Search is on for new executive director
By SHERI GASSAWAY
Joan Suarez, founder and first executive director of Bread and Roses Missouri, will step down from her position this spring, following the selection of her successor.
The multi-talented, longtime union activist is set to retire March 1 with hopes of finishing a children’s book and continuing her work as a fledgling watercolor artist. However, she still plans on doing some consulting work for the organization.
“I look at Bread and Roses as my legacy,” Suarez said. “You just don’t walk away from something you love and have been active in for many years. I’m sure I’ll still have some level of involvement with the organization.”
Bread and Roses originally began as a project of Missouri Jobs with Justice to provide workers the chance to produce art. In 2003, the organization sponsored an art exhibit that spurred dialogue around social justice themes. Sixty artists – many who were union members and community activists who had never shared their artistic talents publicly – submitted work for the exhibit.
In 2010, Suarez learned that Missouri Jobs with Justice was planning to shut down the Bread and Roses project because it did not have anyone to staff the program. Suarez took over as bookkeeper, and in 2015, she established Bread and Roses as a 501c3 non-profit arts organization. Since then, the non-profit has grown its revenues from $40,000 a year to $100,000 a year in 2020.
“Establishing Bread and Roses Missouri has been a crowning achievement of Joan’s lifetime work on the side of those who fight for justice,” said Shannon Duffy, president of Bread and Roses’ Board and administrative officer of the United Media Guild. “Joan has built a strong foundation of community support and the creative force for meaningful change that will be her legacy as the organization moves forward.”
Each year, Bread and Roses has produced multiple performances, workshops and art exhibits on themes of social justice, workers’ rights, clean government and community action. The organization’s mission to fight for justice through art comes out of Suarez’s lifetime of working for those principles.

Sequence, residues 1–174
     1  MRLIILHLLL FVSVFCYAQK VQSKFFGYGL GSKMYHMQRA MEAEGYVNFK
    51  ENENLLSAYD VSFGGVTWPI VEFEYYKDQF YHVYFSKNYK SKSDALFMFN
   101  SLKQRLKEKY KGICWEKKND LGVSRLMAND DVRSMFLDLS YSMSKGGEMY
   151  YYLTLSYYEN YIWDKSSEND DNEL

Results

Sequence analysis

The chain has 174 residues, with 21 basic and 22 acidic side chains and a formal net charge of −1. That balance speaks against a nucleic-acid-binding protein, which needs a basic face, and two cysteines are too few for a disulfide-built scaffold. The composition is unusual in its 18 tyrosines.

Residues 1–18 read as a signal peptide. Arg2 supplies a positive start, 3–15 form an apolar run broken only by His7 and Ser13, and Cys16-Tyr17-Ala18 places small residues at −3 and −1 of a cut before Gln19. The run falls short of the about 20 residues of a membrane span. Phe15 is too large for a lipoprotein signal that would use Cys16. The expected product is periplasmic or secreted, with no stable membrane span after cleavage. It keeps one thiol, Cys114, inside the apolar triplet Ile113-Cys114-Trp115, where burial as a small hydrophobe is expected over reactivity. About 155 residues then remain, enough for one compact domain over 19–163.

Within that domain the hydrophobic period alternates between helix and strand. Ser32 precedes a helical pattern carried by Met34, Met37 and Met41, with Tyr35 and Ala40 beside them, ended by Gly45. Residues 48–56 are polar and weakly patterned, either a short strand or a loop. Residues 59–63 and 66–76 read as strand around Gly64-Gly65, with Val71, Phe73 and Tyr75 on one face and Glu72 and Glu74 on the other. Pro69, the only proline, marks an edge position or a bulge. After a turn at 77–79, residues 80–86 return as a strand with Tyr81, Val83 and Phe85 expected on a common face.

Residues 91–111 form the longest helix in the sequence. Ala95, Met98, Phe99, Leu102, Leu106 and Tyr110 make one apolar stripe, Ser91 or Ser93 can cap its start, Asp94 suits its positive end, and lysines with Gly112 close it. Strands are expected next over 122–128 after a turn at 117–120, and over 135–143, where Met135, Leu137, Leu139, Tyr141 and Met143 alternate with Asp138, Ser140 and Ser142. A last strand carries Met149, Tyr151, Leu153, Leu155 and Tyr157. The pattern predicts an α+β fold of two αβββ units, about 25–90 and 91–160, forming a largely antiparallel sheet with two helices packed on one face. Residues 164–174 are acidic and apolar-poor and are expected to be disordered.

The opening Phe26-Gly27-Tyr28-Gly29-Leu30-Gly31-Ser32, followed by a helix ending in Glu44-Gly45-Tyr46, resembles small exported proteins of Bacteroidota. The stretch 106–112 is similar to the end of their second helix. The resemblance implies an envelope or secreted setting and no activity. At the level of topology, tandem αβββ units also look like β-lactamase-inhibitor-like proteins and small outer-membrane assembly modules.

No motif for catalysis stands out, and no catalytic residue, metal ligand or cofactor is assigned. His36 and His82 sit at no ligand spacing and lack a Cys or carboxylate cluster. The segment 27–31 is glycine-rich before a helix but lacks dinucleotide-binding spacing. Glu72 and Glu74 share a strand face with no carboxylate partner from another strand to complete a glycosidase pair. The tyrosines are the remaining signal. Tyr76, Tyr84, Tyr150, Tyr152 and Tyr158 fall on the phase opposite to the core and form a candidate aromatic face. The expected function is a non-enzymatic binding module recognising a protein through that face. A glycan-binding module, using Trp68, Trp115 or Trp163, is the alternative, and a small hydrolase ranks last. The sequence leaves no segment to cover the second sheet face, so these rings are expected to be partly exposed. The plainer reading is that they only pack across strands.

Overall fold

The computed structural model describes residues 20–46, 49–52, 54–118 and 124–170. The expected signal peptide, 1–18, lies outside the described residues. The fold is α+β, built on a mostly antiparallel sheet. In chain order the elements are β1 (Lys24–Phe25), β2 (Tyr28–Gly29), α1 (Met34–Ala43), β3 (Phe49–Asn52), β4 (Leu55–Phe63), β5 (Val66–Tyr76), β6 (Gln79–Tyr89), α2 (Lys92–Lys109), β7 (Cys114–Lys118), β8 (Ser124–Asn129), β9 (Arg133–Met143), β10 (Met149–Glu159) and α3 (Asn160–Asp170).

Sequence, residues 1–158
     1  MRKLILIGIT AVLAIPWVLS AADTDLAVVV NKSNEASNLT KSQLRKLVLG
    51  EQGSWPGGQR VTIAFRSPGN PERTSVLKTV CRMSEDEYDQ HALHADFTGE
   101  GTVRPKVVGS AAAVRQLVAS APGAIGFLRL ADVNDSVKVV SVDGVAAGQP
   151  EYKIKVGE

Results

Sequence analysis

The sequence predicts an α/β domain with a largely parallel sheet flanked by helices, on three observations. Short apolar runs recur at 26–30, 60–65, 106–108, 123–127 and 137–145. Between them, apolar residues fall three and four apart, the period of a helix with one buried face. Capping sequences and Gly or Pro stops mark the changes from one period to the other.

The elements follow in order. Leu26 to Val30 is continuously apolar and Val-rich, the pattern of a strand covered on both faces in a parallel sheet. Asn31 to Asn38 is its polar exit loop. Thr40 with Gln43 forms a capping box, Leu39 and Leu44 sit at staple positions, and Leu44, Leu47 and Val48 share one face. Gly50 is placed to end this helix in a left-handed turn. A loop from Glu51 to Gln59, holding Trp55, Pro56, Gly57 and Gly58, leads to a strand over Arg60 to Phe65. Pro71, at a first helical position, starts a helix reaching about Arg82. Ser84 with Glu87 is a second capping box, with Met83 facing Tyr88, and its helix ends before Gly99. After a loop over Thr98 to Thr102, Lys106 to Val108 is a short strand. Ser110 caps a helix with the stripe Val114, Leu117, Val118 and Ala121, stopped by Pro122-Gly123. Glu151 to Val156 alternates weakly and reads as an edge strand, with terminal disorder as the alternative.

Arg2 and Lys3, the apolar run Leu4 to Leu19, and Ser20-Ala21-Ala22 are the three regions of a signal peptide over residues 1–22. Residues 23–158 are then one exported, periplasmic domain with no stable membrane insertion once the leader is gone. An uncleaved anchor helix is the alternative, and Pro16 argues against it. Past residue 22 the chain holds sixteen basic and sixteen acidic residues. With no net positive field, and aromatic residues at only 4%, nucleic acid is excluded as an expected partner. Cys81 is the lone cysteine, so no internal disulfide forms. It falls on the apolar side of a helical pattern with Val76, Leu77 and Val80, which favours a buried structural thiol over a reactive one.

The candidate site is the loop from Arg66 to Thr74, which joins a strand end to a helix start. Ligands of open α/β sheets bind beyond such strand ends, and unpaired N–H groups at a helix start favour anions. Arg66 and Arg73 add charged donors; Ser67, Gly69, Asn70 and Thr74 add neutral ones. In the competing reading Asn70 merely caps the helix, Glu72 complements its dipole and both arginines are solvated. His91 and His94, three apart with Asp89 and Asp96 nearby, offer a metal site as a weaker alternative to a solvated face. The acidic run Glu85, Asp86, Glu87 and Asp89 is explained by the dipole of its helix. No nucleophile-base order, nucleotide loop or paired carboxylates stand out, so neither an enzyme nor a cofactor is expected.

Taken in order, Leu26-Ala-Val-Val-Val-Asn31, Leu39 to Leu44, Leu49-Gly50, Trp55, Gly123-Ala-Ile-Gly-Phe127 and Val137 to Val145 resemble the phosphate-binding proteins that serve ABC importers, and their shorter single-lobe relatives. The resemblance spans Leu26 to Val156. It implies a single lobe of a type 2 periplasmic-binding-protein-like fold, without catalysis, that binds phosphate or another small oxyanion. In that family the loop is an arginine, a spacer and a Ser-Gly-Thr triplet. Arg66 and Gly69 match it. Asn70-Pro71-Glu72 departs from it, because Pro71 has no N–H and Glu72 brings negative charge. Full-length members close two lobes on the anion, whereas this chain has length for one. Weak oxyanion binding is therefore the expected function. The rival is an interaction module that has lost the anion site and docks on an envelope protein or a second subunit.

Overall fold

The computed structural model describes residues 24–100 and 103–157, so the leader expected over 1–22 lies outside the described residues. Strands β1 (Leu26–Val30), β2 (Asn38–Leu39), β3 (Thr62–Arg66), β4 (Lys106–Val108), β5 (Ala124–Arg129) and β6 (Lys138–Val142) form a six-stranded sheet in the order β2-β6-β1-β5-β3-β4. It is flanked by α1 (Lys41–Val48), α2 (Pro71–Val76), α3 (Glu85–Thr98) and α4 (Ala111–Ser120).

CAREER SPANNING SIX DECADES
Starting in the early 1960s, Suarez worked as an educator, organizer and activist, and served as international vice-president for the Amalgamated Clothing & Textile Workers Union in Missouri, Texas and across the country. She retired from the successor union (UNITE HERE) in 2003.
As a resident of St. Louis, Joan has continued to apply her organizing skills with Missouri Jobs with Justice’s Workers Rights Board, Missouri Immigrant and Refugee Advocates (MIRA) and other activist organizations.
“Joan Suarez is one of the most dedicated, hardworking and fair minded supporters that I have come to know regarding the struggle for human rights, in general, and the working class, in particular,” said Percy Green, a lifelong social justice champion.
“Joan’s established credibility and work ethics in the Labor Movement will be forever noted. Her effective stick-to-it-ness will be highly missed. Joan is indeed a role model for all today’s progressive activists, young and old.”
SEARCH FOR EXECUTIVE DIRECTOR
The Bread and Roses board has adopted a succession plan and formed a search committee for the new executive director, who is anticipated to start by Feb. 1. Interested candidates should submit their resume, cover letter and three references by Jan. 4 by visiting breadandrosesmo.org/jobs.